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Digital Services Act

What is the Digital Services Act (DSA)?

The Digital Services Act (DSA) and the Digital Markets Act (DMA) are the European Commission’s legislative proposals to tackle the complex challenges facing the EU Digital Single Market. These challenges are economic, social, and political in nature and adequately solving them is key to guaranteeing the future of EU democracies and respect for the EU’s fundamental values.
The DMA focuses on gatekeepers’ behaviours and their impact on market dynamics, while the DSA seeks to consolidate various separate pieces of EU legislation and self-regulatory practices that address online illegal or ‘harmful’ content and to harmonise the rules applicable to the provision of digital services across the EU.
The Digital Services Act and Digital Markets Act encompass a single set of new rules applicable across the whole EU.

Statements and recommendations from members of the EU media advocacy working group and/members

Twenty years after the adoption of the E-Commerce Directive, a cornerstone of Internet freedom in Europe, the EU institutions are set to review whether it is still fit for purpose and adopt a new set of rules governing online platforms as part of a new Digital Services Act (DSA). As the EU is poised to launch its consultation on the DSA, ARTICLE 19 proposes ten key recommendations for the regulation of digital services, especially social media platforms.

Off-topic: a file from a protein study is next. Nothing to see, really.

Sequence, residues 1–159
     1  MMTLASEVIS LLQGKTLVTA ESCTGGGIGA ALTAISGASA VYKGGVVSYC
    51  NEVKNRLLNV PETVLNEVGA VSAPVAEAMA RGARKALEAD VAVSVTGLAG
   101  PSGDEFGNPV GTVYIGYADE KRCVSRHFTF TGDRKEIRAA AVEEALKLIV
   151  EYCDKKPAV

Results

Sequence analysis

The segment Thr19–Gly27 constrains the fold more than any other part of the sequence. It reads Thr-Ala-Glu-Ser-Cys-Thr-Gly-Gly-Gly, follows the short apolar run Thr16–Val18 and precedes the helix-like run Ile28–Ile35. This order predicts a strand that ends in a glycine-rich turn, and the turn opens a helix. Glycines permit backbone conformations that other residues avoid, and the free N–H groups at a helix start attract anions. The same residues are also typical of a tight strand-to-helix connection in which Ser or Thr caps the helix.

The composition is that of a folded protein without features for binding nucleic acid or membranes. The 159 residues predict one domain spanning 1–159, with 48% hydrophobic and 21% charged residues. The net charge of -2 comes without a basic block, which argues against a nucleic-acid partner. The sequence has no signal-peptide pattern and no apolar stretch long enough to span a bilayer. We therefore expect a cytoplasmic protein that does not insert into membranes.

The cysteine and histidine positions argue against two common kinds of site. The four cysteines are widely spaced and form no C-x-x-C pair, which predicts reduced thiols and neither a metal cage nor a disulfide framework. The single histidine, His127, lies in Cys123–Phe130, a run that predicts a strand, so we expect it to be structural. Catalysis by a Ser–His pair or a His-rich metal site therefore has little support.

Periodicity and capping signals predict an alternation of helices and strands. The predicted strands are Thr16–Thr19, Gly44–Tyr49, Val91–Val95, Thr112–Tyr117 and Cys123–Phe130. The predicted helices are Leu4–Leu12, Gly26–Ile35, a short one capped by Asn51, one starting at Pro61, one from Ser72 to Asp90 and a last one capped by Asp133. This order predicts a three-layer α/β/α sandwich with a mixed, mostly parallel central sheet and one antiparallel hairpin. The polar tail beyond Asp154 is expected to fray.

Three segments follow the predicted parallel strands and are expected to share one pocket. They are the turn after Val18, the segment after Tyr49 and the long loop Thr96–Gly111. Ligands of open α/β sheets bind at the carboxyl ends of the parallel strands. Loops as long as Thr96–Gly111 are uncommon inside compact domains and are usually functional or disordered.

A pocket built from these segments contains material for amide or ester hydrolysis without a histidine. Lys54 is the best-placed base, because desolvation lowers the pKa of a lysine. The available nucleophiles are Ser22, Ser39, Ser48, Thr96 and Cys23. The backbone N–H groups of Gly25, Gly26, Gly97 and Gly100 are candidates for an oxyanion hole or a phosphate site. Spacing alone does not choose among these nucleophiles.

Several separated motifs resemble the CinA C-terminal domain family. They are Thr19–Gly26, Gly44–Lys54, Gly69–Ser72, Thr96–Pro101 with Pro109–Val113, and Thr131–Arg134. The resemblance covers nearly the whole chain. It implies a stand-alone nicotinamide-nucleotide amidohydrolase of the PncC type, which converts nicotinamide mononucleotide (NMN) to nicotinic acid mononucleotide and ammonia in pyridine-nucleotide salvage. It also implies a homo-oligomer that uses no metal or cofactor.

Article 19's recommendations are the following:
  • Overarching principles of any regulatory framework must be transparency, accountability and the protection of human rights;
  • Conditional immunity from liability for third-party content must be maintained but its scope and notice and action procedures must be clarified;
  • General monitoring of content must be prohibited;
  • Any regulatory framework must be strictly limited in scope;
  • Obligations under any regulatory scheme must be clearly defined;
  • Any regulator must be independent both in law and practice;
  • Any regulatory framework must be proportionate;
  • Any regulatory framework must provide access to effective remedies;
  • Largeplatforms should be required to unbundle their hosting and content moderation functions and ensure they are interoperable with other services;
  • Data collection in the provision of digital services and digital advertising should be strictly limited.

Reports & Papers

This article argues that, by correcting market failures through the regulation of digital platforms, the European Commission and EU member states have a very powerful instrument at hand to achieve and sustain the goal of healthy media landscapes within the Union, its neighbours, and even at a global level.